The role of the standard 20 minute EEG recording in the comatose patient.J Clin Neurosci. 2010 Jan; 17(1):64-8.JC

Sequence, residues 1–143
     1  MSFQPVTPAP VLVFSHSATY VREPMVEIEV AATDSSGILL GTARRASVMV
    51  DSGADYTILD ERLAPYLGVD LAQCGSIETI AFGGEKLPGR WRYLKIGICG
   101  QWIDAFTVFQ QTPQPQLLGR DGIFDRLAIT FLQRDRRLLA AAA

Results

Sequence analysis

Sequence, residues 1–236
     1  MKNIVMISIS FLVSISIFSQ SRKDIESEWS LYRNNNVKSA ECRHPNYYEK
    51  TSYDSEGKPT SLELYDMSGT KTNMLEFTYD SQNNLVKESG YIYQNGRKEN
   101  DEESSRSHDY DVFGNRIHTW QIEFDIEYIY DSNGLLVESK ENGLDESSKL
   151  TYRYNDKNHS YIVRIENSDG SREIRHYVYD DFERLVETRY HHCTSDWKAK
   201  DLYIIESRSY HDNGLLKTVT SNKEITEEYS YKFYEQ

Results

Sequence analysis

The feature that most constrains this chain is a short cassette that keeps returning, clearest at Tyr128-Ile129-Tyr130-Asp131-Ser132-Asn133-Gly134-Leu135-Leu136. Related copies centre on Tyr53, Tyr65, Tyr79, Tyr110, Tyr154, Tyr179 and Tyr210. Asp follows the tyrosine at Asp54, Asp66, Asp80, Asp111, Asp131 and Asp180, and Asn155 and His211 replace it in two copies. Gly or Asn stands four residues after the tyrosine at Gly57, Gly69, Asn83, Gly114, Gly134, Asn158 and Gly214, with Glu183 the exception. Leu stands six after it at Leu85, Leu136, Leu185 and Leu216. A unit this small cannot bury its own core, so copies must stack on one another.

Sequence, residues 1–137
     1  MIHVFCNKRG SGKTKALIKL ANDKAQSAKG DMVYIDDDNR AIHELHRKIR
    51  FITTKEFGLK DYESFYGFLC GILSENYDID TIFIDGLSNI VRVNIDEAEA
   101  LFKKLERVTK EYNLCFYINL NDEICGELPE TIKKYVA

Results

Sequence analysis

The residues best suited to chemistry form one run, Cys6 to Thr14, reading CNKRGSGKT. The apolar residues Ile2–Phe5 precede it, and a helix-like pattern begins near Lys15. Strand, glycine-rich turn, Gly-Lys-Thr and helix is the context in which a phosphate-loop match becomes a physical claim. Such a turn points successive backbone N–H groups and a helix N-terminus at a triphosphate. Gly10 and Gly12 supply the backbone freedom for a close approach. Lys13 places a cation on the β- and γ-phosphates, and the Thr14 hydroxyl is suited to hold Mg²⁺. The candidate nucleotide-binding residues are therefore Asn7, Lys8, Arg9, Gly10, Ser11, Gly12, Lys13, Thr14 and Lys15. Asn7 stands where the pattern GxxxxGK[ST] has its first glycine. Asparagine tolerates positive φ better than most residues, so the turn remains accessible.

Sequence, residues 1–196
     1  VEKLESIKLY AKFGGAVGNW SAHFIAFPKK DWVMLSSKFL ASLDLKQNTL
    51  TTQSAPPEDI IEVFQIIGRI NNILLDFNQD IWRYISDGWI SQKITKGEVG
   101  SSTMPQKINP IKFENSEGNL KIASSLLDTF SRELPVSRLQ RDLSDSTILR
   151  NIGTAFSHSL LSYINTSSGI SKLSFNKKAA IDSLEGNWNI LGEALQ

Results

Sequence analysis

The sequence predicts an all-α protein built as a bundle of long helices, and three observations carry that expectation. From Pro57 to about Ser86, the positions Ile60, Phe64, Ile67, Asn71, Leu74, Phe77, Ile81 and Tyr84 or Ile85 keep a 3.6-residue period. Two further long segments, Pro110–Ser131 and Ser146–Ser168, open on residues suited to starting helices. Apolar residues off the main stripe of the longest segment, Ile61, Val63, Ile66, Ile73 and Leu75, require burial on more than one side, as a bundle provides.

Non-convulsive seizures and non-convulsive status epilepticus (NCSE) are believed common in comatose patients and are suggested to worsen outcome. The purpose of this study was to prospectively evaluate outcome in patients in critical care units in whom NCSE was suspected to determine how often evidence of seizure activity existed based on an isolated standard 20 minute electroencephalogram (EEG) and to determine what clinical factors predicted outcome. We prospectively reviewed EEGs and clinical charts of patients admitted to a critical care unit at a tertiary care center who were suspected to have non-convulsive seizures. Outcomes were correlated with EEG findings, clinical factors, and acute therapies using univariate and multivariate logistic analyses. Of 189 patients, complete information was available in 169. Eighty-one (47.9%) patients died, 67 (39.6%) were discharged home, and 21 (12.4%) were discharged to long-term care. Four patients had electroencephalographic seizures, two of whom had no clinical manifestations (i.e. non-convulsive). On univariate analysis, increased age, an admitting diagnosis of cardiac arrest, a Glasgow Coma Scale (GCS) score8, and burst suppression were correlated significantly with poor outcome. A past history of seizures and unequivocal tonic-clonic convulsions were correlated significantly with a better outcome. On multivariate analysis, increased age, cardiac arrest, and a GCS score8 were associated with increased mortality (p<0.05). Clinical factors, including age, underlying etiology and GCS score are the most important predicators of outcome in coma. A standard 20 minute EEG did not correlate with a high detection rate of seizure activity. Furthermore, EEG patterns and treatment with anticonvulsant medications did not correlate with outcome.